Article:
Russia’s envoy to Africa, Mikhail Margelov, has said that Russian companies are interested in the development of natural resources deposits in Africa.
Understanding his country’s dependence on oil and gas exports, and realizing how unreliable this dependence is from the standpoint of national security, Russia is now eying mining to be its main source of financing its effort to modernize and upgrade the economy in the next 10 years and beyond.
“Africa is a prospective region for Russian mining companies and Russia can offer technological products in the military, geological exploration and energy spheres. There are also prospects for sales of our metallurgical and machine-building products in Africa,” Margelov said at the Russia-Africa business forum.
The availability of large volumes of proven reserves, high-grade gold ores, fair geological, mining, infrastructure and climatic conditions along with a comparative cheap labor in some African counties secures high profitability.
The construction of nuclear power plants, both in Russia and abroad, is one of the few areas where Russia still has a competitive advantage internationally. However, such plants run on enriched uranium, and Russia doesn’t have enough of it. Therefore, Russia is obviously interested in uranium production in Africa.
Russian companies are also interested in diamond and platinum metals production in African states.
In the near future, Africa will likely consolidate its role as one of the last extensively developed hydrocarbon sources, and even see it grow. The leading global economies vying for the African oil and gas resources will exacerbate rivalries between the European Union, United States and China.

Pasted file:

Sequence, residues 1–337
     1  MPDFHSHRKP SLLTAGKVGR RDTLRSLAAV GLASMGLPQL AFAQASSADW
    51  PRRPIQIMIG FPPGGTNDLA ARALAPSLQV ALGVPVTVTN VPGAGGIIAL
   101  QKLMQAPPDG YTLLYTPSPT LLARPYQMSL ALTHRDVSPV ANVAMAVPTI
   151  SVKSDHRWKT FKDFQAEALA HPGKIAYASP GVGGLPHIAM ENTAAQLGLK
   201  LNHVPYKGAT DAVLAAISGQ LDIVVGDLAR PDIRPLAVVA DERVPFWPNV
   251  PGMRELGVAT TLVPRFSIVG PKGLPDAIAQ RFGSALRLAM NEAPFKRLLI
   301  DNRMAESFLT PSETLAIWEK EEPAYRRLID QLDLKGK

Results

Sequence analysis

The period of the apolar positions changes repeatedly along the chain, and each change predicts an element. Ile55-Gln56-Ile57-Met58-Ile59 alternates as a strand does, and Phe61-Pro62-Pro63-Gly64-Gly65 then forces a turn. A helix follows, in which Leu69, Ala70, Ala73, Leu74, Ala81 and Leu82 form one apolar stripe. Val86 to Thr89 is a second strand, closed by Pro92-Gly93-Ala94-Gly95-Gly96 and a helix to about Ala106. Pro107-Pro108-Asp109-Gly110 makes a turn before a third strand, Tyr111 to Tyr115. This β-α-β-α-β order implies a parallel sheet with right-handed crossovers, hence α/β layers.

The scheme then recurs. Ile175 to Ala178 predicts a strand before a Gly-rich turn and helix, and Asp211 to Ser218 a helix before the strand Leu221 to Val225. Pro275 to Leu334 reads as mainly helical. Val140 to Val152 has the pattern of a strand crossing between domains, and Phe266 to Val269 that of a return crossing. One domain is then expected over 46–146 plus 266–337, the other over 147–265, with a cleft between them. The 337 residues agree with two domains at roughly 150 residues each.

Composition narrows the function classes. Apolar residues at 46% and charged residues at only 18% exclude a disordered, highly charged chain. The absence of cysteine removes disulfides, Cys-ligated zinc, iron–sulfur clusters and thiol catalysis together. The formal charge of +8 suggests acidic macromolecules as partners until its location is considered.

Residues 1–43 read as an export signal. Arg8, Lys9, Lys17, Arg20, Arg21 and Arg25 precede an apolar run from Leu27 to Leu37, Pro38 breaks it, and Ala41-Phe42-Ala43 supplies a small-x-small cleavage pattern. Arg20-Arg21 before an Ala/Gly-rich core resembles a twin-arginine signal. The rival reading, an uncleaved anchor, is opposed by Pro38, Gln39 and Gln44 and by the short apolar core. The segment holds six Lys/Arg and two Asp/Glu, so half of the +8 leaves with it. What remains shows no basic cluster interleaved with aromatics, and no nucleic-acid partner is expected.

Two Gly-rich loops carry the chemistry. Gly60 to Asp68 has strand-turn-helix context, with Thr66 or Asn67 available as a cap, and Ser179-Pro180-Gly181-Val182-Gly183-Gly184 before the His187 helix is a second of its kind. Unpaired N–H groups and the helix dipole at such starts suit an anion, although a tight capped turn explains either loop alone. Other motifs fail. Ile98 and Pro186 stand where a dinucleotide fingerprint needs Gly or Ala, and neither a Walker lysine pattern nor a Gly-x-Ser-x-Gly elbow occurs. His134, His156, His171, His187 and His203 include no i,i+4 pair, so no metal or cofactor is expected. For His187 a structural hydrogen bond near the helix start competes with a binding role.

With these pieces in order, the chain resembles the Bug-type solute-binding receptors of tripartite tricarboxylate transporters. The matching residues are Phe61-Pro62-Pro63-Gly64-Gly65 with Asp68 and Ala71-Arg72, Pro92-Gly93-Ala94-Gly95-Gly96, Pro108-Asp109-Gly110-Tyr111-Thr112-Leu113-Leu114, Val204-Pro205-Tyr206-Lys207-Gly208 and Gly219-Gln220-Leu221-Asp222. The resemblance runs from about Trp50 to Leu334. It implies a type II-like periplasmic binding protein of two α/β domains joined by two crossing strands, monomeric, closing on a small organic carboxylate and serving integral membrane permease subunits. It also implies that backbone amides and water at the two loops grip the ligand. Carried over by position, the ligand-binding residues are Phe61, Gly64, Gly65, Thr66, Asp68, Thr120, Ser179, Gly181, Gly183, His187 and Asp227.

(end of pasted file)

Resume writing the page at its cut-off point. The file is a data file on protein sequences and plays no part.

“Russia’s participation in oil and gas production is important as well since Africa will provide up to one quarter of the world’s oil output soon,” Margelov said, adding that Russia faced competition with U.S., EU, Chinese and Indian companies as well as with corporations from the Arabi Peninsula in the region.
“We must use our competitive advantages as we excel competitors under quality-price ratio in some industries. We still have knowledge of prospecting, production and transportation of natural resources, while in the political sphere we are neutral compared with the cold war period,” Margelov added.
Despite all its problems, Africa is developing faster than the rest of the world. Margelov argued, it’s important that Russia finds a place of its own in mutually advantageous cooperation with the African countries.